In her own defense, Rozene Supple states, "Over the years, we have also donated to a number of arts organizations and charities, including the Desert AIDS Project, the Human Rights Campaign Foundation, Equality California, the Judy Fund, Olive Crest, the Children's Discovery Museum and others. We didn't have to do any of these things. We did them because we love our community and its people. That includes the gay and lesbian community -- a community that includes many of my closest friends, and a community I both admire and respect." She further states, "As a result of my background and my beliefs, I have been a member of and a supporter of the Republican Party for many years. As the party began to become more and more attached to social causes I personally disagreed with, it became harder and harder for me to continue making those donations, but old habits and longstanding beliefs about the role of government die hard...As a result of that struggle, and because of these recent attempts to paint me as someone I am not, I have decided that I will no longer contribute to any political entity that does not embrace equal rights for all Americans. Truth be told, I will probably stop contributing to any of them."
I would love to believe that her donations were the result of her smaller government-less regulations mindset, but I don't. Why? The list of people and causes on her list are not the predominant crusaders for those fiscal issues. The Prop. 8 campaign existed only to harm LGBT lives, period. Michelle Bachman and Alan West rested their political brands on being anti-gay. It is also nice that she supported gay causes and did not charge the film festival, but the marketing cynic in me knows that in order to attract the clientele the theater needed, courting the community was necessary. From my years of working for the Camelot, I also came to understand movie theater financial management. The ticket revenues do not go to them, they go to the studios. Not charging Cinema Diverse would have been understandable. The money Camelot would make at such events would be from the inflated soda, popcorn, and concession sales.
I don't believe Rozene Supple was oblivious to the donations she was making. I believe that the progressive and LGBT patrons who feel betrayed and tarnished by the actions have every right to those feelings. It is a reality for us that some of the support and affection we receive still has the taint of homophobia in its weave. Every so often, one of those supportive pats on the back holds the knife of an inadvertent back-stabber.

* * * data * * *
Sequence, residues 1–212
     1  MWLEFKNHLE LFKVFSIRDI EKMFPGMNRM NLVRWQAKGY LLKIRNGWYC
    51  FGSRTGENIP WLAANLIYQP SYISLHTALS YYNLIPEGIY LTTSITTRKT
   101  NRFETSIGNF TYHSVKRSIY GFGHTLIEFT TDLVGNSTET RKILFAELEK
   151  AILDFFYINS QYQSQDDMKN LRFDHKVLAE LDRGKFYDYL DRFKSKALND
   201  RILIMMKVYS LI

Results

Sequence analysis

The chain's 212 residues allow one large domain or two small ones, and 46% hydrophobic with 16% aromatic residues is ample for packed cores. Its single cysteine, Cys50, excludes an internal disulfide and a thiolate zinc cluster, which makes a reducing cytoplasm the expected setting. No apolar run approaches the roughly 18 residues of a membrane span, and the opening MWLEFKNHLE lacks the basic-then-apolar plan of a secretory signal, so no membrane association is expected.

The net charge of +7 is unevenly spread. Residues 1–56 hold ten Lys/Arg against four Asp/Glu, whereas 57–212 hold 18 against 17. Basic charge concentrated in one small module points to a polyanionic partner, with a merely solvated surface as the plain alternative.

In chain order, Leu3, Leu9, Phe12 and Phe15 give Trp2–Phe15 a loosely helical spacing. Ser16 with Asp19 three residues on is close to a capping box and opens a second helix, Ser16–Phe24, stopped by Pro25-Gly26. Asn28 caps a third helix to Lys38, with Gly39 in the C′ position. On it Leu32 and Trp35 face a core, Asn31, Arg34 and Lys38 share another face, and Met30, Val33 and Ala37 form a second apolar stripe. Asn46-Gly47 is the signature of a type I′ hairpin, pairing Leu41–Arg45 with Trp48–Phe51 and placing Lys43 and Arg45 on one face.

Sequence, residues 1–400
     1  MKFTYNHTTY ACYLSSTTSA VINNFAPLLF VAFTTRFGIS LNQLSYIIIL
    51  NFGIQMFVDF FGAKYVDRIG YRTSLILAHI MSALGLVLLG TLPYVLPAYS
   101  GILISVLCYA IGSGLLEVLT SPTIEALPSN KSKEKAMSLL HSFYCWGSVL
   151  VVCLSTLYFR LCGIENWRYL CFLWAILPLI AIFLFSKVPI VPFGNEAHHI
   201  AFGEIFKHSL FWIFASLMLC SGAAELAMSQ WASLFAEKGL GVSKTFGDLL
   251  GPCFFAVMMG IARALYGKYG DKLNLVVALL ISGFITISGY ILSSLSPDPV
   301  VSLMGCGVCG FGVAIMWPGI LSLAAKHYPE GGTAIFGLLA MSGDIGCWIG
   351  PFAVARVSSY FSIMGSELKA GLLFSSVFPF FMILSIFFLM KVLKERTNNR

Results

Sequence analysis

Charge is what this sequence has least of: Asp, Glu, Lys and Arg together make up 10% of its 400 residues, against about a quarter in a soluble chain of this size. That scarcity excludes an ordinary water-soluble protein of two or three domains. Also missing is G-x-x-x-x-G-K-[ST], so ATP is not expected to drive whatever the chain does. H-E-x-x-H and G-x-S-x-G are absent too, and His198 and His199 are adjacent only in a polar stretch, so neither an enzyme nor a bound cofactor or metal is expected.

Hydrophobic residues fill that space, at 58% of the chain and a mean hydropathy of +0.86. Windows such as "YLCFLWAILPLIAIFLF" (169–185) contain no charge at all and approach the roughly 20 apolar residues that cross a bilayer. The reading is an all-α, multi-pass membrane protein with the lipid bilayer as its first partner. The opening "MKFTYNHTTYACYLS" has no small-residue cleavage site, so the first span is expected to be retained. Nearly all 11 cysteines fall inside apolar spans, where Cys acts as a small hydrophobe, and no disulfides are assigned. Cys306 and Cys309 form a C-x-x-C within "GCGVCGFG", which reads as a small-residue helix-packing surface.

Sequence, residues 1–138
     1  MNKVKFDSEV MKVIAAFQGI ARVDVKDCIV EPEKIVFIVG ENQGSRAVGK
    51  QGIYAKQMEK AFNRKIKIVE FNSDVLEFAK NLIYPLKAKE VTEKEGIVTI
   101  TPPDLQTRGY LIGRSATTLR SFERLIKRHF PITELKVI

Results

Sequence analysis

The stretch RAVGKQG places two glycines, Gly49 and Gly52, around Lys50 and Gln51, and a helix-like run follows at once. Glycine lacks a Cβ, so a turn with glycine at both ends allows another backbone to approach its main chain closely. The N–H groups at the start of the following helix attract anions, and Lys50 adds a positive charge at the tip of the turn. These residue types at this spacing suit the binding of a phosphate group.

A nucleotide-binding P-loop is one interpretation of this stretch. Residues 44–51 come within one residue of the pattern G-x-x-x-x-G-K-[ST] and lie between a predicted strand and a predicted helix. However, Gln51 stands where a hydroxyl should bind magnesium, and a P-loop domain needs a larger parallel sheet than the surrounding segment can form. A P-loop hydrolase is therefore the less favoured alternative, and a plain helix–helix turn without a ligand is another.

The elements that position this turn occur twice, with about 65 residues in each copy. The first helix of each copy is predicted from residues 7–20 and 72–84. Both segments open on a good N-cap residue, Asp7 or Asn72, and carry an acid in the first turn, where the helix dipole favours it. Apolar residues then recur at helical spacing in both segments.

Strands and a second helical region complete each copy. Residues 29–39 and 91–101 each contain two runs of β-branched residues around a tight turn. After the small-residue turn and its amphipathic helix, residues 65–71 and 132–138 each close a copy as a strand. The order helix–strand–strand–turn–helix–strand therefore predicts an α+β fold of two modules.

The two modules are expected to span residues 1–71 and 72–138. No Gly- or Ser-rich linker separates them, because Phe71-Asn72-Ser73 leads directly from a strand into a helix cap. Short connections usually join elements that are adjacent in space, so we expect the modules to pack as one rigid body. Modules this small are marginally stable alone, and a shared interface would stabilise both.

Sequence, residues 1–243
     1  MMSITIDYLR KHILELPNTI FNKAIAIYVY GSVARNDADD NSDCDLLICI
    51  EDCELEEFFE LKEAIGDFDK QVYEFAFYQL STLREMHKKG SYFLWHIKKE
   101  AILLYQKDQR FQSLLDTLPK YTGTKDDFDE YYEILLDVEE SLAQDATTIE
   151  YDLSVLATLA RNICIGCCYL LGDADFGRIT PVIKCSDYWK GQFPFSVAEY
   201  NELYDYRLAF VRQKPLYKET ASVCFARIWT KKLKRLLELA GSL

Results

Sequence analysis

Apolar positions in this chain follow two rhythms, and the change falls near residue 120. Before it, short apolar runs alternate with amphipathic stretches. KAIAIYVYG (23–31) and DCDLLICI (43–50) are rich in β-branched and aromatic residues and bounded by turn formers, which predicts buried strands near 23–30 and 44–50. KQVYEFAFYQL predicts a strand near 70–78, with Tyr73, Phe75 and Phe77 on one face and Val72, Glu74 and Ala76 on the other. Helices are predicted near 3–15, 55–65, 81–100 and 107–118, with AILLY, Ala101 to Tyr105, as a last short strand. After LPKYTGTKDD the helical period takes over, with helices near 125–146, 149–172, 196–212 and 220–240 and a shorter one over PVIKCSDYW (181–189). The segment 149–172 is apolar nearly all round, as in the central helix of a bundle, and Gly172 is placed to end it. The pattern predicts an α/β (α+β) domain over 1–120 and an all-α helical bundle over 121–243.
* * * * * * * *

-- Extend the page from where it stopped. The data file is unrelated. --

I believe this because my parents are like Rozene Supple. I can't say that I understand her mindset, but I have observed it. My parents are of her generation and are full Fox-News-loving, Rush-Limbaugh following, dyed-in-the-wool Republicans. They are completely supportive of me, my partner, and my family. They would dance at my wedding, but they are literally in love with their political icons, including the anti-gay ones.
During the last election, my mother became perturbed because I would not support Romney. "You know," my mother snarled at me. "You are not being fair. Here, we have been nothing but supportive of your gay lifestyle over the years, and you... you are never supportive of our Republican lifestyle."
The comment was so mind-numbingly bizarre that it was all I could do to keep my eyeballs from spinning right out of my head. Should I have started by informing my mother about the thousand ways her Republican party is doing nothing but essentially seeking the demise of my "gay lifestyle"? Or should I point out to her that, unless she has secretly stashed billions away somewhere without my knowledge, her Republican Party is not a friend to her fixed-Social-Security, Veterans-pension, Medicare-supported lifestyle either?
No. She was beyond reason. She and Rozene are in love. They are in love with decades long gone by and the political party that lies to them and tells them that it can return them to the rose colored editing of that past. It dazzles them with Anglo-Saxon style and class, and makes them believe that their betrayals are values, and that their insensitivities are causes.
It does not excuse the betrayals however. Those are real, and they hurt.
People like my mother and Rozene have been seduced by the powers that be who would prey on people for whom life has moved too fast and changed too much, and who feel the way of life, on which they thought they had a firm perch, has been left in the dust.
That, or . . . the devil has possessed them all. You decide.
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Special thanks to Rachel Hockett for editing help on this article.